I get asked often, can I offer the IRS a lower amount and will this be accepted as a full settlement? Well, the answer is it depends. If you owe someone a certain amount of money and you have the ability to fully pay that debt, the person you owe will want full payment.
IRS is the same way. If you have the ability to fully pay, the IRS will not accept a partial payment.
Taxpayers who have a tax debt they cannot pay may have heard that they can settle their tax debt for less than the full amount owed. It’s called an Offer in Compromise.
Before applying for an Offer in Compromise, here are some things to know:
In general, the IRS cannot accept a settlement offer if the taxpayer can afford to pay what they owe. Taxpayers should first explore other payment options. A payment plan is one possibility. Visit IRS.gov for information on Payment Plans – Installment Agreements.
A taxpayer must file all required tax returns first before the IRS can consider a settlement offer. When applying for a settlement offer, taxpayers may need to make an initial payment. The IRS will apply submitted payments to reduce taxes owed.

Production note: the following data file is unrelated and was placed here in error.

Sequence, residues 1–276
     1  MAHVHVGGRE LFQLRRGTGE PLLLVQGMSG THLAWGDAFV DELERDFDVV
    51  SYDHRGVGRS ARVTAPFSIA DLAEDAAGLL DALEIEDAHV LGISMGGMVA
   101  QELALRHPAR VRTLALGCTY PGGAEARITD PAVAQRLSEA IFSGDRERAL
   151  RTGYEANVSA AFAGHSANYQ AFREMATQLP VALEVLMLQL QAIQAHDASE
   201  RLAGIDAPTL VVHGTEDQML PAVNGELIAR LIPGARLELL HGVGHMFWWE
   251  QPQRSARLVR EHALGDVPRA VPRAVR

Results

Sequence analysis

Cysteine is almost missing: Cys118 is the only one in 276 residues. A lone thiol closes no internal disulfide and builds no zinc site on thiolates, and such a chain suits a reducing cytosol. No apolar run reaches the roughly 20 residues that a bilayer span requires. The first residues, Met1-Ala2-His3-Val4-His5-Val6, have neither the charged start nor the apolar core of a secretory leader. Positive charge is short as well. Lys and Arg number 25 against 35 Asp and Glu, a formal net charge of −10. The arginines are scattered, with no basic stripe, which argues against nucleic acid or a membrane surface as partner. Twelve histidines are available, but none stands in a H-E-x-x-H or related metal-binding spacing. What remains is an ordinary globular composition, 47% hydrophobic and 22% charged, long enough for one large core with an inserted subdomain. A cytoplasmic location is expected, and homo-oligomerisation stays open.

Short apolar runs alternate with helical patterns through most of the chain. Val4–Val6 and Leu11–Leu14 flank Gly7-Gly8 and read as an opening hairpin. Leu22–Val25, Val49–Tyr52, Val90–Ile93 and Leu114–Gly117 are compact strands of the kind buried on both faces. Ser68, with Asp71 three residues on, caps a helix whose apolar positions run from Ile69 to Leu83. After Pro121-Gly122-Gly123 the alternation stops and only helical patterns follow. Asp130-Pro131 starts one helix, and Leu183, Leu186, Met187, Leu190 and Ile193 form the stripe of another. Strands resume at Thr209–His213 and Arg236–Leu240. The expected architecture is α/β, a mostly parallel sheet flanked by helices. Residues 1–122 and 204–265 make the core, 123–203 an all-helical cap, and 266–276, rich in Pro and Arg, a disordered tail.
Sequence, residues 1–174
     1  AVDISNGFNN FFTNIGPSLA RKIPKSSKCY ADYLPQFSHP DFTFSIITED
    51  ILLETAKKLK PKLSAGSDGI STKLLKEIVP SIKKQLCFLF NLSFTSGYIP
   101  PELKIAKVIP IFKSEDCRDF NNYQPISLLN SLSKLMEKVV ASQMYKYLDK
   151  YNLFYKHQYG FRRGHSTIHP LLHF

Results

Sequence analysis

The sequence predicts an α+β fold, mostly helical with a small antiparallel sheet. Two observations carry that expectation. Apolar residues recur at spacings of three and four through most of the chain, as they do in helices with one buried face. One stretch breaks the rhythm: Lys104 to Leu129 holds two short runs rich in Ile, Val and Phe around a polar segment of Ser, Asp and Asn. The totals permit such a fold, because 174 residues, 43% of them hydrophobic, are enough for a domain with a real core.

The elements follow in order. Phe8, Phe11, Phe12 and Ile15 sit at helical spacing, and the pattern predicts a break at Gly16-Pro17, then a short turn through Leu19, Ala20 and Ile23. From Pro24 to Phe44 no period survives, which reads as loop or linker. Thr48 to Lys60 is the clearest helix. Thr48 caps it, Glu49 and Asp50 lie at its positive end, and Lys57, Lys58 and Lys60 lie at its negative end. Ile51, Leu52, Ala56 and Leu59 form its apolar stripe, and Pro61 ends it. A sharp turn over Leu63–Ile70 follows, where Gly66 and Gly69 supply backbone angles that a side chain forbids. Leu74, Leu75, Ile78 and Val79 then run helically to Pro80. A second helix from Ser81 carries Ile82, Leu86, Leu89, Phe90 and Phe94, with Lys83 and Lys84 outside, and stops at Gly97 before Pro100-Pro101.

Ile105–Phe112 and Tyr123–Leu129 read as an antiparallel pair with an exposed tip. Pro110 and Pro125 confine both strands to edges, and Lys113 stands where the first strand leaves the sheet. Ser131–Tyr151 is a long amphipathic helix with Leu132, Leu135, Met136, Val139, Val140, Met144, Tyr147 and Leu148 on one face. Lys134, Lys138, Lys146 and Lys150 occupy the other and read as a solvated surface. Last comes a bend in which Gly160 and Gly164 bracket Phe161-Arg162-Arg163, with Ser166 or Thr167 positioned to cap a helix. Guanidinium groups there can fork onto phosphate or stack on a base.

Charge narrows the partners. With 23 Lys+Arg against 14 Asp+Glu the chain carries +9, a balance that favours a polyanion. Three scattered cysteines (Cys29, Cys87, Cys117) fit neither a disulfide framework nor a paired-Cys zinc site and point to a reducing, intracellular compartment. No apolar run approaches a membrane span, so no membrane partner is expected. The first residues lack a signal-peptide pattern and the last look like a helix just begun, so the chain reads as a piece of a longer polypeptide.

The IRS has an Offer in Compromise Pre-Qualifier tool on IRS.gov. Taxpayers can find out if they meet the basic qualifying requirements. The tool also provides an estimate of an acceptable offer amount. The IRS makes a final decision on whether to accept the offer based on the submitted application.
Taxpayers wishing to file for an Offer in Compromise should visit IRS website’s Offer in Compromise page for more information. There taxpayers can find step-by-step instructions as well as the required forms. Taxpayers can download forms anytime at or call 800-TAX-FORM (800-829-3676) and ask for Form 656-B, Offer in Compromise booklet.
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